Association between gratitude, the brain and cognitive function in older adults: Results from the NEIGE study

Arch Gerontol Geriatr. 2022 May-Jun;100:104645. doi: 10.1016/j.archger.2022.104645. Epub 2022 Jan 30.


Objectives: Having gratitude is associated with reduced social isolation and depression, which are risk factors for dementia. However, it is unknown whether gratitude is directly associated with cognitive function. This study aimed to determine associations between gratitude and cognitive function and to elucidate the underlying biological mechanism by testing the mediating role of brain regions among healthy older people.

Methods: We used cross-sectional data from the 2017 Neuron to Environmental Impact across Generations (NEIGE) study of community-dwelling older adults aged ≥ 65 years (n = 478). Cognitive function was assessed using the Mini-Mental State Examination (MMSE). Levels of gratitude were assessed using the two-items of Gratitude Questionnaire. Volumes of brain regions associated with emotional processing and social interaction were measured by magnetic resonance imaging. Linear regression models and structural equation models were used to examine associations between level of gratitude, brain volume, and cognitive function.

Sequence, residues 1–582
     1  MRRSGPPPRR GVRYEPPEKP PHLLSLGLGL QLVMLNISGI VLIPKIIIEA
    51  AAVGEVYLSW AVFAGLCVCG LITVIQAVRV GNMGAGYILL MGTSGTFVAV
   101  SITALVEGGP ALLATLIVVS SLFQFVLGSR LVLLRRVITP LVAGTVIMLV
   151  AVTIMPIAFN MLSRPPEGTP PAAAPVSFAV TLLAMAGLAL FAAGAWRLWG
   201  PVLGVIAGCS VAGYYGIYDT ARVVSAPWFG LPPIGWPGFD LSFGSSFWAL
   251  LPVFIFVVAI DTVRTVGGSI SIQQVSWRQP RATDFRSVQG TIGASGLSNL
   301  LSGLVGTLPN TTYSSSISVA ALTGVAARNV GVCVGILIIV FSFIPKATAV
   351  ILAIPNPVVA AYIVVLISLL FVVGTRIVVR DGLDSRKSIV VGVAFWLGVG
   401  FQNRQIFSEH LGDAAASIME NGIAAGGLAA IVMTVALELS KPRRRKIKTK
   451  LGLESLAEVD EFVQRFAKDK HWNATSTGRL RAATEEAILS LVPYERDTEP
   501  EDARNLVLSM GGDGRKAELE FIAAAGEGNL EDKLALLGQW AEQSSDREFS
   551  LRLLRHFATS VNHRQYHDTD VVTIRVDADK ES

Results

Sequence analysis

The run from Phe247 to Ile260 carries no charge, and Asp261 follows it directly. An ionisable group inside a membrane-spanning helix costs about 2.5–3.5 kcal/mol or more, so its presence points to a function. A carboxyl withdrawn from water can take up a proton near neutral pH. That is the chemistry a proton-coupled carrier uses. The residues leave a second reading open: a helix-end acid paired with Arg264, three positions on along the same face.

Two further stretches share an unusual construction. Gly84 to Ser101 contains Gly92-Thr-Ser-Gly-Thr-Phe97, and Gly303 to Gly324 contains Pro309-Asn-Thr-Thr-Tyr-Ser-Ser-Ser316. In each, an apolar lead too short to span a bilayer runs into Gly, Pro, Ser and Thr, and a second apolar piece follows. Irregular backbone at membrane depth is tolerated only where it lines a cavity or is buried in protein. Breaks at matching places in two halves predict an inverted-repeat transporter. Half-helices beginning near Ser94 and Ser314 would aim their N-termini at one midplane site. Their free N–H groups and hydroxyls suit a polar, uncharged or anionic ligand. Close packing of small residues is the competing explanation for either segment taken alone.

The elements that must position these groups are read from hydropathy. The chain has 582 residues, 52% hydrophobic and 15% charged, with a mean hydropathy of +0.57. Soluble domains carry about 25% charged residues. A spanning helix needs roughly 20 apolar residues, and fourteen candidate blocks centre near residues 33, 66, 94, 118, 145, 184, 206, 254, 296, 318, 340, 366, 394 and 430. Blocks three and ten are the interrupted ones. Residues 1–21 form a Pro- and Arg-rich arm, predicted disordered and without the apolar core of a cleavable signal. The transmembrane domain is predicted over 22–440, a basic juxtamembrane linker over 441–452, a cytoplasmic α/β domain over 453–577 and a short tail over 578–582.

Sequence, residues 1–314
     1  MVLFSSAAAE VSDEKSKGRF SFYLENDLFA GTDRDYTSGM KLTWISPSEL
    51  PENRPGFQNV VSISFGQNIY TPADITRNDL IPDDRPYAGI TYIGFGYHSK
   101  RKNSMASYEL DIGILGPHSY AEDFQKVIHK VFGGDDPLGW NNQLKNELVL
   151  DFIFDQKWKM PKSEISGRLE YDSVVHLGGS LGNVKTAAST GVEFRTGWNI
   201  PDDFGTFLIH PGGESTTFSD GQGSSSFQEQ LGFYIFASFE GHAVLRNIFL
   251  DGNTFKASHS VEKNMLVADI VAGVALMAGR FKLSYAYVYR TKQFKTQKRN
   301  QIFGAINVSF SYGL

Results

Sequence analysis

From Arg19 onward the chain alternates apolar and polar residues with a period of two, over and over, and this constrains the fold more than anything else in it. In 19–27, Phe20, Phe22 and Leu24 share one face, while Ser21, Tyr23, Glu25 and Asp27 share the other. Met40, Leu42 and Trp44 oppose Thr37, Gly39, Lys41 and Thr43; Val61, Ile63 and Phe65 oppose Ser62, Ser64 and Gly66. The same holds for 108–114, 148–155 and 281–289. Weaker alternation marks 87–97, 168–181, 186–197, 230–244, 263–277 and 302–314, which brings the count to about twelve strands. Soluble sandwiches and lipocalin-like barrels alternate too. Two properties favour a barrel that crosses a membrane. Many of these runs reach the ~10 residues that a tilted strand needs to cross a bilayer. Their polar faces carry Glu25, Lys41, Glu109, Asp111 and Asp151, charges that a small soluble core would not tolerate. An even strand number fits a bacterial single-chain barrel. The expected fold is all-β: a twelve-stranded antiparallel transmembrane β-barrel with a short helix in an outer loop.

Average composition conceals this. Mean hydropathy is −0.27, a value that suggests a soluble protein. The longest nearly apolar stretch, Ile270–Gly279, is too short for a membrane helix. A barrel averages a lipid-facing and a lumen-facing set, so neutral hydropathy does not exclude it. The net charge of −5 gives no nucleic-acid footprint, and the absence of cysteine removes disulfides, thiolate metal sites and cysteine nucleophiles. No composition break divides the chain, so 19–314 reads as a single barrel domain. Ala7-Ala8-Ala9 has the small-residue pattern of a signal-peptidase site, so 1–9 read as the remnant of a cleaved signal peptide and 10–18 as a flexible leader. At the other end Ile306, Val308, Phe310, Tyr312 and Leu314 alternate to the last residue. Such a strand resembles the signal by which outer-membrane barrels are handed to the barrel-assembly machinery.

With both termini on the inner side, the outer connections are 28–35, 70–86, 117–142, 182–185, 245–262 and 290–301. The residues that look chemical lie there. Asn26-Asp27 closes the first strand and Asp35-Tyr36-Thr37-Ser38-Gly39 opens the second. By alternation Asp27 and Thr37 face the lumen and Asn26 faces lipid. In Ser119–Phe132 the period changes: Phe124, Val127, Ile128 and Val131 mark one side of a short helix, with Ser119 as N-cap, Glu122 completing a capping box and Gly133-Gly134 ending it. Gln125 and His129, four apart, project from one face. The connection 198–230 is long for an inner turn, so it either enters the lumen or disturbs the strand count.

Results: The mean gratitude score was 6.3 (SD=0.9) and the mean MMSE score was 27.1 (SD=2.5). Regression analysis showed that higher levels of gratitude were associated with better cognitive function (coefficient=0.25, 95% CI: 0.01, 0.49), adjusting for age, sex, education, marital status, and depressive symptoms. Higher levels of gratitude were associated with larger volumes of right amygdala and left fusiform gyrus. Structural equation model analysis showed that amygdala volumes mediated the association between gratitude and cognitive function.

Conclusion: Higher levels of gratitude were positively associated with cognitive function, partially mediated through the amygdala, which is involved in processing emotion and memory.

Keywords: Dementia; Japan; Neuroimaging; Positive emotion.

Publication types

  • Research Support, Non-U.S. Gov't

MeSH terms

  • Aged
  • Brain* / diagnostic imaging
  • Cognition* / physiology
  • Cross-Sectional Studies
  • Environment
  • Humans
  • Mental Status and Dementia Tests